During Oculus Connect 2014, John Carmack took the stage and talked for one hour and a half about various topics. The guru programmer talked about his relationship with Samsung, solutions for various issues present in Oculus Rift’s DK2, the ability to fully enjoy a VR experience, as well as the most important result coming from the mobile environment that is no other than the asynchronous time warp notion.
Asynchronous Time Warp basically gives developers the ability to de-couple the refresh rate of a screen from the rendering of the eye buffers. Basically, what this means is that a screen will be refreshing at your native rates all the time, but the rendering of your game will be at a lower FPS. Thus, games will look smooth even while running at – say – 30FPS.
Obviously, this is not as good as ‘true’ 60FPS but it’s a great workaround for all games that suffer from weird and unexplained slowdowns. Most importantly, it’s a better solution than frame interpolation, as the latter is plagued with input latency issues. It’s also a great feature for less powerful GPUs, or for systems that aim to offer 4K or Oculus Rift experiences.
“Asynchronous Time Warp will allow you to, in theory, have a 30Hz game that’s get updated to the screen 60 times per second” said Carmack and continued:
“So we are trying to get that on the PC for a lot of these things because as we start looking at the 90Hz displays and 75Hz at DK2, these are hard to hit even on the PC with all that horsepower. And I’ve said it many times before and people don’t like to hear it, but the PC costs about a factor of 2X in sort of the overhead that you wind up incurring when you are dealing with latency, not with bandwidth.”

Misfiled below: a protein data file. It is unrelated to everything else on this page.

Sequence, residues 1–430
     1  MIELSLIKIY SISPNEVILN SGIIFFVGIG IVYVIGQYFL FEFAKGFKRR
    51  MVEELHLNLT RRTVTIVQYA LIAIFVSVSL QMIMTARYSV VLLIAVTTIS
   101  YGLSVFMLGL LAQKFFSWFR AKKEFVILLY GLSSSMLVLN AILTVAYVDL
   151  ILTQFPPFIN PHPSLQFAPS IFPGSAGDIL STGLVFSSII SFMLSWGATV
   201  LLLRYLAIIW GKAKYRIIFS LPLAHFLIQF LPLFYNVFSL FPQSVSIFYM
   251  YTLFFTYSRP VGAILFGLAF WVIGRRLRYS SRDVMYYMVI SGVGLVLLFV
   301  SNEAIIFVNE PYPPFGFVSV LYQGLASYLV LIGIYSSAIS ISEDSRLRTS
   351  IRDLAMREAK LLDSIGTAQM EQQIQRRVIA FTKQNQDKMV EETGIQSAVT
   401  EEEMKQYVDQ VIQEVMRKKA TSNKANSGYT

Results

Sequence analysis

Carmack concluded that it will be really hard to bring Asynchronous Time Warp on the PC as all vendors will have to work together and agree on implementing such a feature.
“There are challenges on the PC so we are deeply engaged with NVIDIA and we expect them… there is the whole matrix that we’ll have to work through; NVIDIA, AMD, Intel and then PC, Mac and Linux. That’s a lot of work to get some of these really twitchy stuff working. The work is on going right now and there are varying levels of optimism and despair amongst different people in the company about how well this is actually going to work out on the PC.”
Of course Carmack wants to bring Asynchronous Time Warp for VR gaming on the PC, but we don’t see why this feature – in case it does come to our platform – won’t be featured in ‘normal’ games as well, especially since this will let developers – in the long run – achieve better visuals.
Naturally, mere words cannot give you a proper idea of what Asynchronous Time Warp is all about, so below you can find a video showing this technique in full effect.
We’ve also included Carmack’s entire speech for all those that want to sit back and hear what the programmer guru had to say.